Serious buyers look for $50,000 a month and up in revenue. That equates to $600,000 per year – and that’s considered a micro-sized business. However, this differs based on industry and type of business. For instance, in my industry – the agency industry – no one is interested in an agency that size. Agencies need to pull in several hundred thousand dollars of revenue per month at a minimum for people to be interested in purchasing.
(If you remember, my agency was pulling in over a million dollars per month before anyone contacted me to purchase.)
However, depending on the industry, smaller businesses could sell their company to a small buyer with less revenue. But on average, if you aren’t making at least $50,000 per month, you’ll have a hard time selling your company.
4. Prepare Yourself For “The Art Of The Deal”
After you prepare your company for sale and reach out to brokers and potential buyers, you also need to prepare yourself for tough negotiations.
When I was selling my company, a lot of people knowingly gave me an undervalued price because they wanted to bring the ball lower to negotiate. I was sometimes appalled at the numbers that were thrown at me!
But it is important to not get emotional, remember this is business, and to know your company’s worth. If you are a profitable company, you can ask a higher price than if you aren’t showing profit or growth.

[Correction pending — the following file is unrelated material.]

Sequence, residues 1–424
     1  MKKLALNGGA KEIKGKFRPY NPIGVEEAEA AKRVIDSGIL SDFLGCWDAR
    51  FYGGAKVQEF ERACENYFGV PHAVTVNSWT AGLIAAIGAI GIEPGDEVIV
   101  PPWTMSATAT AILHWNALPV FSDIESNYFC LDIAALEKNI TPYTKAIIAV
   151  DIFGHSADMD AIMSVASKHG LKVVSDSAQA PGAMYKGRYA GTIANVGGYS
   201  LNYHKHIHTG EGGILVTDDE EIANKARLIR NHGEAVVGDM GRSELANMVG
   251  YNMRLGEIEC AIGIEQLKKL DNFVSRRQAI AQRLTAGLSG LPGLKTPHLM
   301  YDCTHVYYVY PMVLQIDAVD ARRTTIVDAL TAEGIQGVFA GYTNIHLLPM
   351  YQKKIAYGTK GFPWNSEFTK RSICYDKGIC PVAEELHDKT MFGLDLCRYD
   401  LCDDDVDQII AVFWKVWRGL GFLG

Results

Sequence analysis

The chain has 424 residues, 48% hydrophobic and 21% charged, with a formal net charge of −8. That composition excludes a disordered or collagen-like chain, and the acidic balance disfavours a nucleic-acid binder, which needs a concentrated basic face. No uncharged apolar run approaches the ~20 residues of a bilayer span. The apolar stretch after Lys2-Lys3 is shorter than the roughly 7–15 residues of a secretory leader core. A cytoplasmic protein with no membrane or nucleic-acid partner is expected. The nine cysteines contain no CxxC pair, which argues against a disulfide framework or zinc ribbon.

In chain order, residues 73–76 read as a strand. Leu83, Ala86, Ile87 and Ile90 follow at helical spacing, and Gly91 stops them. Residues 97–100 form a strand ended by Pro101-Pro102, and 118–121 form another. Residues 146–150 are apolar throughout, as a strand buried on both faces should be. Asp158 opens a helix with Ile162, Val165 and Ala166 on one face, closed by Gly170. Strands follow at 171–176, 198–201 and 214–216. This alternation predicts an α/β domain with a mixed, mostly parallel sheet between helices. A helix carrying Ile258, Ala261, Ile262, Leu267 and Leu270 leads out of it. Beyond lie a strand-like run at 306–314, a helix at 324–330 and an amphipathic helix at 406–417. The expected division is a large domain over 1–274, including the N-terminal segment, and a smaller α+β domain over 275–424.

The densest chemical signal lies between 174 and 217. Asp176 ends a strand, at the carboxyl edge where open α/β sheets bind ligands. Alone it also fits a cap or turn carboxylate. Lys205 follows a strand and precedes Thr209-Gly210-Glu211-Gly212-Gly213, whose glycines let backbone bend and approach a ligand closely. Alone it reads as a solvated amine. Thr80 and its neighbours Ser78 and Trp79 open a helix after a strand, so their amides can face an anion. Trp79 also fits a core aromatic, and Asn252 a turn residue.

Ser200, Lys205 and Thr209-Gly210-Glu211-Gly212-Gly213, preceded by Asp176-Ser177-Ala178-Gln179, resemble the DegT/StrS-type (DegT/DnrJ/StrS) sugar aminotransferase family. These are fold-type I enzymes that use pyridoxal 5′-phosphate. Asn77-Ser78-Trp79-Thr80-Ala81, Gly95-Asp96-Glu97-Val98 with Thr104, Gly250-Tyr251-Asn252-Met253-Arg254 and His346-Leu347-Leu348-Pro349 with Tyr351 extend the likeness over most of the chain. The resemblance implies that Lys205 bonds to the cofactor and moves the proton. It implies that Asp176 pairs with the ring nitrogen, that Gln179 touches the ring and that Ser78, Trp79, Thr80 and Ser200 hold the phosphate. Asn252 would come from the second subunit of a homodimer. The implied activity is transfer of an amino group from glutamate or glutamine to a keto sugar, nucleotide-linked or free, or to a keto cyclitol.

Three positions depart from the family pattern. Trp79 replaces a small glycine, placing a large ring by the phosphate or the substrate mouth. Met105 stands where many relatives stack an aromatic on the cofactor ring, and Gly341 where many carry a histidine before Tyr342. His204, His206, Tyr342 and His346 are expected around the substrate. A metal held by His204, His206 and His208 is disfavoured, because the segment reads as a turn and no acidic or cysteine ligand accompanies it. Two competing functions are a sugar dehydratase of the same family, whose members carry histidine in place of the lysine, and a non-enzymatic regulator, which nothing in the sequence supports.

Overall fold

Most companies sell for 5-10 times EBITDA (which measures profit margins), although there are exceptions. These can include cloud-based companies like Salesforce. That company would sell for more than that because they have recurring revenue and high client retention rates, which increases their overall value.
5. Be Ready To Move On
Finally, you need to prepare yourself for what you want to do after you sell your company. If you want to stay at the company, make sure your role and responsibility is clear. If you want to exit, make sure the exit strategy is clear and that it is communicated with the buyer.
But regardless of what you choose to do, you need to be ready to move on in a way. Selling a company can be surprisingly difficult, especially for someone who has an emotional connection to it and/or has kept it running for years.
But if you choose to stay with the company after you sell it, you no longer have the control you once did. You may have bosses you report to know. And whether you leave the company or stay, someone else will likely be calling the shots at your (former) company.
This may be hard to deal with. But remember that you achieved your goal, and learn to be okay with the shift in power dynamics at the company. So, what should you do after? My advice is to take some time off for some well-earned rest, then come up with a new idea.
Selling a company looks different for every entrepreneur, industry, business model and brand. The process that worked for one company may or may not work for yours.
However, by creating an organized work environment, tracking your revenue accurately, negotiating fairly, and preparing yourself for the next stage in your professional life, you’ll set up your sale for success and find the right buyer who recognizes your brand’s value.